5.1.2 Closed Loop Transmit Diversity

5.1.3 Open Loop Transmit Diversity

5.2 Spatial Multiplexing

5.2.1 Principles of Operation

5.2.2 Open Loop Spatial Multiplexing

5.2.3 Closed Loop Spatial Multiplexing

5.2.4 Matrix Representation

5.2.5 Implementation Issues

5.2.6 Multiple User MIMO

5.3 Beamforming

5.3.1 Principles of Operation

5.3.2 Beam Steering

5.3.3 Dual Layer Beamforming

5.3.4 Downlink Multiple User MIMO Revisited


6 Architecture of the LTE Air Interface

6.1 Air Interface Protocol Stack

6.2 Logical, Transport and Physical Channels

6.2.1 Logical Channels

6.2.2 Transport Channels

6.2.3 Physical Data Channels

6.2.4 Control Information

6.2.5 Physical Control Channels

6.2.6 Physical Signals

6.2.7 Information Flows

6.3 The Resource Grid

6.3.1 Slot Structure

6.3.2 Frame Structure

6.3.3 Uplink Timing Advance

6.3.4 Resource Grid Structure

6.3.5 Bandwidth Options

6.4 Multiple Antenna Transmission

6.4.1 Downlink Antenna Ports

6.4.2 Downlink Transmission Modes

6.5 Resource Element Mapping

6.5.1 Downlink Resource Element Mapping

6.5.2 Uplink Resource Element Mapping


7 Cell Acquisition

7.1 Acquisition Procedure

7.2 Synchronization Signals

7.2.1 Physical Cell Identity

7.2.2 Primary Synchronization Signal

7.2.3 Secondary Synchronization Signal

7.3 Downlink Reference Signals

7.4 Physical Broadcast Channel

7.5 Physical Control Format Indicator Channel

7.6 System Information

7.6.1 Organization of the System Information

7.6.2 Transmission and Reception of the System Information

7.7 Procedures After Acquisition


8 Data Transmission and Reception

8.1 Data Transmission Procedures

8.1.1 Downlink Transmission and Reception

8.1.2 Uplink Transmission and Reception

8.1.3 Semi Persistent Scheduling

8.2 Transmission of Scheduling Messages on the PDCCH

8.2.1 Downlink Control Information

8.2.2 Resource Allocation

8.2.3 Example: DCI Format 1

8.2.4 Radio Network Temporary Identifiers

8.2.5 Transmission and Reception of the PDCCH

8.3 Data Transmission on the PDSCH and PUSCH

8.3.1 Transport Channel Processing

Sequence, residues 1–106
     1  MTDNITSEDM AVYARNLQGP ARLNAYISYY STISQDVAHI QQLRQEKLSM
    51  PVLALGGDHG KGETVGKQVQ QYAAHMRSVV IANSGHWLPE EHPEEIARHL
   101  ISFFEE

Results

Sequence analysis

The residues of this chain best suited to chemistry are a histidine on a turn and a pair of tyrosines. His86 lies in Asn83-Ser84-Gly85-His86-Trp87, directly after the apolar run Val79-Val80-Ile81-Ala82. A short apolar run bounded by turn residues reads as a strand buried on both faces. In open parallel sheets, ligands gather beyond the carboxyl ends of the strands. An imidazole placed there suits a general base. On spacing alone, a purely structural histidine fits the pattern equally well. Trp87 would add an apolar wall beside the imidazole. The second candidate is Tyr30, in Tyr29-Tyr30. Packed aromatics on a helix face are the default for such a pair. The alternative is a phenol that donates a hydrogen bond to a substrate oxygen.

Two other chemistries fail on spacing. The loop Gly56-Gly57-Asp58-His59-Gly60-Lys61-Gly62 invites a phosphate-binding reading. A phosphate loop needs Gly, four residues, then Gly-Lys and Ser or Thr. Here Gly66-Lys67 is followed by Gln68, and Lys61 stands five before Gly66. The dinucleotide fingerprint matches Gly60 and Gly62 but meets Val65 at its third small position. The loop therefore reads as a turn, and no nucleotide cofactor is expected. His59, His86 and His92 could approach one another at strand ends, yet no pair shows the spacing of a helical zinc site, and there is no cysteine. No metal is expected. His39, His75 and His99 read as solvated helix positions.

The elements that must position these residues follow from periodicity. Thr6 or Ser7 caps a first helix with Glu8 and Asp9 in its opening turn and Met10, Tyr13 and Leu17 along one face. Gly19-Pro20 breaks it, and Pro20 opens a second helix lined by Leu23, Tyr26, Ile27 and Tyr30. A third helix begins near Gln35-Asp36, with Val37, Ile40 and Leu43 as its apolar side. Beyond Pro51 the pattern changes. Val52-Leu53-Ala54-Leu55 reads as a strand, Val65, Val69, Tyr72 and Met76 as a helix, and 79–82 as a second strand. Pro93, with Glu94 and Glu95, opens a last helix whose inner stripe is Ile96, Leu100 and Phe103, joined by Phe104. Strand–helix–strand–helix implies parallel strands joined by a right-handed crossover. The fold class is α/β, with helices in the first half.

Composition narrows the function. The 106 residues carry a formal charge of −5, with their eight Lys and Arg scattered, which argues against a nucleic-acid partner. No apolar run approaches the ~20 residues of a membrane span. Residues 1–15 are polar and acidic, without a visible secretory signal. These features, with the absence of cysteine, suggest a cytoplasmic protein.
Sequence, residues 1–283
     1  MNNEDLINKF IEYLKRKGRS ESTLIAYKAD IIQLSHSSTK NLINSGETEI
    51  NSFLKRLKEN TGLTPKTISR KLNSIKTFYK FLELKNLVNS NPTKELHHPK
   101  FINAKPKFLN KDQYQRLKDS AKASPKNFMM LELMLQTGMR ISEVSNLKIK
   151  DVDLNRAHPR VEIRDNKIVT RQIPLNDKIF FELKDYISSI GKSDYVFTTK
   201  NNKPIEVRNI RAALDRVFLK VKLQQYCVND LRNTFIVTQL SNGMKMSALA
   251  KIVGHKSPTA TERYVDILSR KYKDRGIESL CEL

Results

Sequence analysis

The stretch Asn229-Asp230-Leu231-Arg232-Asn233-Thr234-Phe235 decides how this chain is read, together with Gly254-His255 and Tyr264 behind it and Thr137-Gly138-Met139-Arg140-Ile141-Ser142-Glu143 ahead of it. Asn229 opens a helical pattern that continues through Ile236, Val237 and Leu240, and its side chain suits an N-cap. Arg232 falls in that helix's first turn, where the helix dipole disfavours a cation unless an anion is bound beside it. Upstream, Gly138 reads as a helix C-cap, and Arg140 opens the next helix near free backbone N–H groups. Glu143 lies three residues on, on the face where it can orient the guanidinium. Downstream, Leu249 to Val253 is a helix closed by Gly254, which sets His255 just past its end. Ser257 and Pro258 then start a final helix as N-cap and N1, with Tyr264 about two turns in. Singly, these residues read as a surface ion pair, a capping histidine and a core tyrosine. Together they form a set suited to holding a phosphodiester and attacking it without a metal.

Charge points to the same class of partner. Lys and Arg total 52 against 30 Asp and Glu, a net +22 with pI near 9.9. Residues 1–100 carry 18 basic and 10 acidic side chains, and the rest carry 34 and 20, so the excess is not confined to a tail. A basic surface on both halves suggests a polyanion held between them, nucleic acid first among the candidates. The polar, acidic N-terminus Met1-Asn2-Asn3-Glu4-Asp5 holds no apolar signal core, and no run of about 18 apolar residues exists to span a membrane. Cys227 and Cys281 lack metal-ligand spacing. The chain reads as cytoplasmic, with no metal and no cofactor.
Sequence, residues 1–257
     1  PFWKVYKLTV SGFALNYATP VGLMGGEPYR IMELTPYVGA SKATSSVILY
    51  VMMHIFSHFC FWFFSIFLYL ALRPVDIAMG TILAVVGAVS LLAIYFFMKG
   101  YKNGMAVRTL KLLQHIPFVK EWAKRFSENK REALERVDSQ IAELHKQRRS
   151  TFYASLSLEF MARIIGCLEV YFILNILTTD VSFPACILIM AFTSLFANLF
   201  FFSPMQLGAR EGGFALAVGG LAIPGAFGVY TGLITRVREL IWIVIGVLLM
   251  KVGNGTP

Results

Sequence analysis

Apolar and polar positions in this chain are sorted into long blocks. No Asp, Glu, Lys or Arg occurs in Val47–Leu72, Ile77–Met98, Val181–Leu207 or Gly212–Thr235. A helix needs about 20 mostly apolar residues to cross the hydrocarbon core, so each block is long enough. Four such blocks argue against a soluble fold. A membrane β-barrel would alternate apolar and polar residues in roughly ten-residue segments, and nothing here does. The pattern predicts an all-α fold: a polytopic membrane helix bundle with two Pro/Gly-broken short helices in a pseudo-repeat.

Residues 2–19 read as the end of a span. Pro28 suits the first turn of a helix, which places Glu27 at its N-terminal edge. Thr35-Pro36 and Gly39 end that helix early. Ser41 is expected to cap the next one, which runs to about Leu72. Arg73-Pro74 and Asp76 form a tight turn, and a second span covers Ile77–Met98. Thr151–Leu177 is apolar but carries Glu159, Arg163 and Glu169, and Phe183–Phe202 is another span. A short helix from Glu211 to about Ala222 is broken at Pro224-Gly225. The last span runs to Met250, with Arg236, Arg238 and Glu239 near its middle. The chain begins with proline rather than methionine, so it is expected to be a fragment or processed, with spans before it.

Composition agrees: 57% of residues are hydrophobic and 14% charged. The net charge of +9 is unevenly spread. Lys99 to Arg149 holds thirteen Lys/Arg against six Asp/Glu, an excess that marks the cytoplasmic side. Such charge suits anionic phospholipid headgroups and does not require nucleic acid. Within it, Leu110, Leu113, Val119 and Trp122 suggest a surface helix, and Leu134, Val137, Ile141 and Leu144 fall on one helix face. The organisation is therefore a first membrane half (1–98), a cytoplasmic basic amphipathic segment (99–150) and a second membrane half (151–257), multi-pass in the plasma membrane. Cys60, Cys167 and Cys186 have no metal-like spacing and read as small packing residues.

8.3.2 Physical Channel Processing

8.4 Transmission of Hybrid ARQ Indicators on the PHICH

8.4.1 Introduction

8.4.2 Resource Element Mapping of the PHICH

8.4.3 Physical Channel Processing of the PHICH

8.5 Uplink Control Information

8.5.1 Hybrid ARQ Acknowledgements

8.5.2 Channel Quality Indicator

8.5.3 Rank Indication

8.5.4 Precoding Matrix Indicator

8.5.5 Channel State Reporting Mechanisms

8.5.6 Scheduling Requests

8.6 Transmission of Uplink Control Information on the PUCCH

8.6.1 PUCCH Formats

8.6.2 PUCCH Resources

8.6.3 Physical Channel Processing of the PUCCH

8.7 Uplink Reference Signals

8.7.1 Demodulation Reference Signal

8.7.2 Sounding Reference Signal

8.8 Uplink Power Control

8.8.1 Uplink Power Calculation

8.8.2 Uplink Power Control Commands

8.9 Discontinuous Reception

8.9.1 Discontinuous Reception and Paging in RRC_IDLE

8.9.2 Discontinuous Reception in RRC_CONNECTED


9 Random Access

9.1 Transmission of Random Access Preambles on the PRACH

9.1.1 Resource Element Mapping

9.1.2 Preamble Sequence Generation

9.1.3 Signal Transmission

9.2 Non Contention Based Procedure

9.3 Contention Based Procedure


10 Air Interface Layer 2

10.1 Medium Access Control Protocol

10.1.1 Protocol Architecture

10.1.2 Timing Advance Commands

10.1.3 Buffer Status Reporting

10.1.4 Power Headroom Reporting

10.1.5 Multiplexing and De-Multiplexing

10.1.6 Logical Channel Prioritization

10.1.7 Scheduling of Transmissions on the Air Interface

10.2 Radio Link Control Protocol

10.2.1 Protocol Architecture

10.2.2 Transparent Mode

10.2.3 Unacknowledged Mode

10.2.4 Acknowledged Mode

10.3 Packet Data Convergence Protocol

10.3.1 Protocol Architecture

10.3.2 Header Compression

10.3.3 Prevention of Packet Loss during Handover


11 Power-On and Power-Off Procedures

11.1 Power-On Sequence

11.2 Network and Cell Selection

11.2.1 Network Selection

11.2.2 Closed Subscriber Group Selection

11.2.3 Cell Selection

11.3 RRC Connection Establishment

11.3.1 Basic Procedure

11.3.2 Relationship with Other Procedures

11.4 Attach Procedure

11.4.1 IP Address Allocation

11.4.2 Overview of the Attach Procedure

11.4.3 Attach Request

11.4.4 Identification and Security Procedures

11.4.5 Location Update

11.4.6 Default Bearer Creation

11.4.7 Attach Accept

11.4.8 Default Bearer Update

11.5 Detach Procedure


12 Security Procedures

12.1 Network Access Security

12.1.1 Security Architecture

12.1.2 Key Hierarchy

12.1.3 Authentication and Key Agreement

12.1.4 Security Activation

12.1.5 Ciphering

12.1.6 Integrity Protection

12.2 Network Domain Security

12.2.1 Security Protocols

12.2.2 Security in the Evolved Packet Core